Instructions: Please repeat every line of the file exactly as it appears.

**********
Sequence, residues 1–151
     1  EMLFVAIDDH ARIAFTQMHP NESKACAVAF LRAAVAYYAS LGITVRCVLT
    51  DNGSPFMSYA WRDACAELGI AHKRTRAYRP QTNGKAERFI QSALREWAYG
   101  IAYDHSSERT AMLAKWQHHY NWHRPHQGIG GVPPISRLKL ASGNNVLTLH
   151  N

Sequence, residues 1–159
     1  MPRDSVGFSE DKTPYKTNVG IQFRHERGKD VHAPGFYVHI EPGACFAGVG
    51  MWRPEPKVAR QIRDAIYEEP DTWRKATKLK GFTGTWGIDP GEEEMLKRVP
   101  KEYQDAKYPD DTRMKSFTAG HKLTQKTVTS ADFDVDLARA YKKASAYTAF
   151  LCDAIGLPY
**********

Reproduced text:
Sequence, residues 1–151
     1  EMLFVAIDDH ARIAFTQMHP NESKACAVAF LRAAVAYYAS LGITVRCVLT
    51  DNGSPFMSYA WRDACAELGI AHKRTRAYRP QTNGKAERFI QSALREWAYG
   101  IAYDHSSERT AMLAKWQHHY NWHRPHQGIG GVPPISRLKL ASGNNVLTLH
   151  N

Sequence, residues 1–159
     1  MPRDSVGFSE DKTPYKTNVG IQFRHERGKD VHAPGFYVHI EPGACFAGVG
    51  MWRPEPKVAR QIRDAIYEEP DTWRKATKLK GFTGTWGIDP GEEEMLKRVP
   101  KEYQDAKYPD DTRMKSFTAG HKLTQKTVTS ADFDVDLARA YKKASAYTAF
   151  LCDAIGLPY